By Tom Donelson / Author, Member Boxing Writers Association of America (BWAA) and a contributor to dmboxing.com since 2008.
The big news about Julio Cesar Chavez-Canelo Alvarez fight was not what happened in the ring but what happened after the fight when Alvarez announced a September 16th match with Gennady “Triple G’s” Golovkin for the Middleweight championship.
As for the fight itself, this was a one sided affair that had a rinse and repeat aspect to it with every round the same as the round before. Alvarez treated Chavez as his personal punching bag and Chavez never really seem into the fight as he rarely threw punches, missed often when he did throw and despite being the bigger man, Alvarez consistently pushed Chavez around the ring. The smaller Alvarez often beat Chavez to the punch, his punches had more sting to them and by the end of the fight, even the fans booed.
What was supposed to be the battle of Mexico with two of Mexico biggest names in boxing, the fight turned out to be a dull one sided affair in which one side looked prepared and the other side looked totally lost.
Chavez rarely used his size to any advantage and when he did manage to get Alvarez to the rope, it turned out to be brief respite as Alvarez simply moved off the rope whenever he wanted and back into the center of the ring. When Chavez attempted to box in the middle of the ring, Alvarez just gave him a boxing lesson. There was nothing that Chavez could do to affect the fight and there was nothing Alvarez couldn’t do as he landed punches from every angle, including upper cuts, hooks to the body and effective jabbing.
This fight exposed Chavez as no longer an elite boxing in the Middleweight through light heavyweight division. Or I should say, this fight exposed Chavez was never an elite fighter on the same level as Alvarez and Golovkin. Chavez was a good fighter but not an elite fighter like his dad. In fairness, it is tough for the younger Chavez to live up to the legendary Chavez, Sr. standard and it can be said that he had a good career that most boxers would be happy with including championship belt but he never could reach the level of his father or his fellow Mexican fighter Alvarez.
My first thought was the similarity to this fight and the Chavez-Martinez fight in which Sergio Martinez simply dominated Chavez for eleven roughs before Chavez landed haymakers in the twelfth round and nearly ended the fight with a historic comeback. Against Alvarez, there would be no final magical moments as Alvarez won the final round as he won the previous eleven rounds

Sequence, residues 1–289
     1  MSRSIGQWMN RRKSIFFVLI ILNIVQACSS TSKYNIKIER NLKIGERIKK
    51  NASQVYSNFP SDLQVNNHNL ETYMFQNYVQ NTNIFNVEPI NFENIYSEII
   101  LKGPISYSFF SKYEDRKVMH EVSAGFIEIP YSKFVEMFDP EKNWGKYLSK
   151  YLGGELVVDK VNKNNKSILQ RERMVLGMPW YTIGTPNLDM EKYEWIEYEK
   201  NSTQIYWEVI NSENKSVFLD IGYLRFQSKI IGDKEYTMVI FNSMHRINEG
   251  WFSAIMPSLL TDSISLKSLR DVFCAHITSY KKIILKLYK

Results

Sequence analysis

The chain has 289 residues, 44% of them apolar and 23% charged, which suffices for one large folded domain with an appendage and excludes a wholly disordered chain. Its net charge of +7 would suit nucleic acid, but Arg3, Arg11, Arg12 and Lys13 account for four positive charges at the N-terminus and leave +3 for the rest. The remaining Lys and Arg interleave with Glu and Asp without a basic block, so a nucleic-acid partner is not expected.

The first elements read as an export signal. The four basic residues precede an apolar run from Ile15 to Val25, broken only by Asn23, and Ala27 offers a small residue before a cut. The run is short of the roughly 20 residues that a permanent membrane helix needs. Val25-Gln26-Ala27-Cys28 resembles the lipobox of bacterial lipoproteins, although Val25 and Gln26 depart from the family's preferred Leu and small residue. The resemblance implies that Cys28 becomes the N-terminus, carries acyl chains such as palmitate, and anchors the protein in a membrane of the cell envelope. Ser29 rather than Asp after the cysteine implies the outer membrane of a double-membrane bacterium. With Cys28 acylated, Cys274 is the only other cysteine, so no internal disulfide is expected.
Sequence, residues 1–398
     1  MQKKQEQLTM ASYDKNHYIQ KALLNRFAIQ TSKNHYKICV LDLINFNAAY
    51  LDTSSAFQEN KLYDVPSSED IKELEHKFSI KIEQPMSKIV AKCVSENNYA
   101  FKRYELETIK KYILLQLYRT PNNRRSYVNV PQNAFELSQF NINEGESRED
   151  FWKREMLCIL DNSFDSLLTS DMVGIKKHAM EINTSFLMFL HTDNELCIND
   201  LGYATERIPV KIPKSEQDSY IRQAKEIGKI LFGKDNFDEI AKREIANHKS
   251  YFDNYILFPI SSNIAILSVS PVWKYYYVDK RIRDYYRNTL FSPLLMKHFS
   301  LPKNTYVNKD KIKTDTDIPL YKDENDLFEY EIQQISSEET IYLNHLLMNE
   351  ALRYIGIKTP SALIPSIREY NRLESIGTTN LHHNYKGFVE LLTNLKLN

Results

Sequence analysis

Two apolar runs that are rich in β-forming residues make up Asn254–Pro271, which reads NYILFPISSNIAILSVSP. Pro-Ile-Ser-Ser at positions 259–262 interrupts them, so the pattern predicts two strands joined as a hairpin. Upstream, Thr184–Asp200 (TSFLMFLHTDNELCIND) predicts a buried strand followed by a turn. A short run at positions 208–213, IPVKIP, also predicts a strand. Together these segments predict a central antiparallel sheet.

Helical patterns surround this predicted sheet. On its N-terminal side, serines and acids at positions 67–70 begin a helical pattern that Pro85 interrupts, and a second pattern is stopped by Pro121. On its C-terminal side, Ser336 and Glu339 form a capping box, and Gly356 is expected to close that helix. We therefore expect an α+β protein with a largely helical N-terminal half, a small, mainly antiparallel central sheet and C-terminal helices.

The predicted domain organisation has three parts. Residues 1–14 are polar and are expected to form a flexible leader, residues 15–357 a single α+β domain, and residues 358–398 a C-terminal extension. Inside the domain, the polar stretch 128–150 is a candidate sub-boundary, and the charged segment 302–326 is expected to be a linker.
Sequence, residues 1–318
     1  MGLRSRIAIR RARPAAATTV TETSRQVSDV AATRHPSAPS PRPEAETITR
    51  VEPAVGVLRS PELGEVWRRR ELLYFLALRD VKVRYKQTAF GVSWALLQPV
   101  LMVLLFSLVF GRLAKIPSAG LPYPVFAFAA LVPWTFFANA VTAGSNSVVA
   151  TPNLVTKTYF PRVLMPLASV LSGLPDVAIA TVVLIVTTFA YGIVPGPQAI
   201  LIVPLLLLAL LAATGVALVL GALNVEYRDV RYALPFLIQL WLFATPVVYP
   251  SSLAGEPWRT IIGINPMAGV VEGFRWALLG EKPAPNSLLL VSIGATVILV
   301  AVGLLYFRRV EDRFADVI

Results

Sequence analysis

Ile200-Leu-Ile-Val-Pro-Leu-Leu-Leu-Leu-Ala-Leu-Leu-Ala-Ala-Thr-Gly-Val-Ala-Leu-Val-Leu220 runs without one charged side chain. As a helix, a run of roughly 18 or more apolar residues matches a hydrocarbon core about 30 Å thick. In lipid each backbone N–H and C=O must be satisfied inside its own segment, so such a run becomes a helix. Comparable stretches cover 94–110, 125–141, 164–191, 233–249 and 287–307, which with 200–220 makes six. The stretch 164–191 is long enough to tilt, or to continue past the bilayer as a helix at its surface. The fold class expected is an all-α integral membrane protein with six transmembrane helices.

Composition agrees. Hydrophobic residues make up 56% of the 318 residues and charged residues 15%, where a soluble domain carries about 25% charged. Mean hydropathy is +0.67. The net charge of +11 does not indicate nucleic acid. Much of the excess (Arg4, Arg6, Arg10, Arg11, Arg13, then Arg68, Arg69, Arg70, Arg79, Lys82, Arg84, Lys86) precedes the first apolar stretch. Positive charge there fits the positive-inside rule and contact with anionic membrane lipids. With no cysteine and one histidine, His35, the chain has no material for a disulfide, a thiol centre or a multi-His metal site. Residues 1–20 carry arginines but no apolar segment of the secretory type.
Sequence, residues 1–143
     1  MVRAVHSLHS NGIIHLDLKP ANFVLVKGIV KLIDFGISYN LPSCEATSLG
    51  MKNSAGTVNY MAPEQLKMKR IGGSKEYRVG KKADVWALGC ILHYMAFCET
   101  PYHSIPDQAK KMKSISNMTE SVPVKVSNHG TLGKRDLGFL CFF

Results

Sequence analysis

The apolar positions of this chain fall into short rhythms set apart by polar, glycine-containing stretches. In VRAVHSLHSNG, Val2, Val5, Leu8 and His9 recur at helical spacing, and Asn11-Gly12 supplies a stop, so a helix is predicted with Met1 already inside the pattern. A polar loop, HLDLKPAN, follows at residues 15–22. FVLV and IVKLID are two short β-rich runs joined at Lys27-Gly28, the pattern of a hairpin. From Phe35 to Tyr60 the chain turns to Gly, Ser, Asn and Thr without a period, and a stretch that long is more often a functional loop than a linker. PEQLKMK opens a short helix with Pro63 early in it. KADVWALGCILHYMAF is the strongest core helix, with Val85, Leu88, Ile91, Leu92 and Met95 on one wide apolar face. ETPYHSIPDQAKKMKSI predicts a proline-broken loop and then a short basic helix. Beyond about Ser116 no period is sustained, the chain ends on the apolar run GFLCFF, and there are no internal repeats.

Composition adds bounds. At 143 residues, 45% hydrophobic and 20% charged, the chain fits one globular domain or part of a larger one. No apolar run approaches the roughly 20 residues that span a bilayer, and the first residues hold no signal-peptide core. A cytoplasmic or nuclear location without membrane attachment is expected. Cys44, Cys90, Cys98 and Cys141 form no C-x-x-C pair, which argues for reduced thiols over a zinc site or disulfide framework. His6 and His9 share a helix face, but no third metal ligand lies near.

Alvarez did show himself to be one of the elite pound for pound fighters and that he is now ready for that showdown with Golovkin. Alvarez has boxing skills and power to compete with Golovkin and as the Golovkin fight with Jacobs showed, Triple G is not invulnerable and he can be beaten.
Years ago, I made the observation that Mayweather defeat of Alvarez would be one of those boxing moments remembered years later if Alvarez showed himself to be great fighter in his own right. If Alvarez beats Golovkin, this will also put Mayweather own career in perspective. The night that Mayweather defeated Alvarez, he defeated a younger, stronger fighter entering his peak.
A year ago, I would have put money on Golovkin to win over Alvarez since I viewed him as the more powerful puncher and his boxing skills could match Alvarez but now, I will favor Alvarez since Alvarez showed against Chavez that he can move up in weight and win. There will be no need for a catch weight for Alvarez and Golovkin will be facing a fighter with not only good boxing skills but enough power to stop him. Both fighters will be facing a mirror image of themselves with one exception, Alvarez is the younger fighter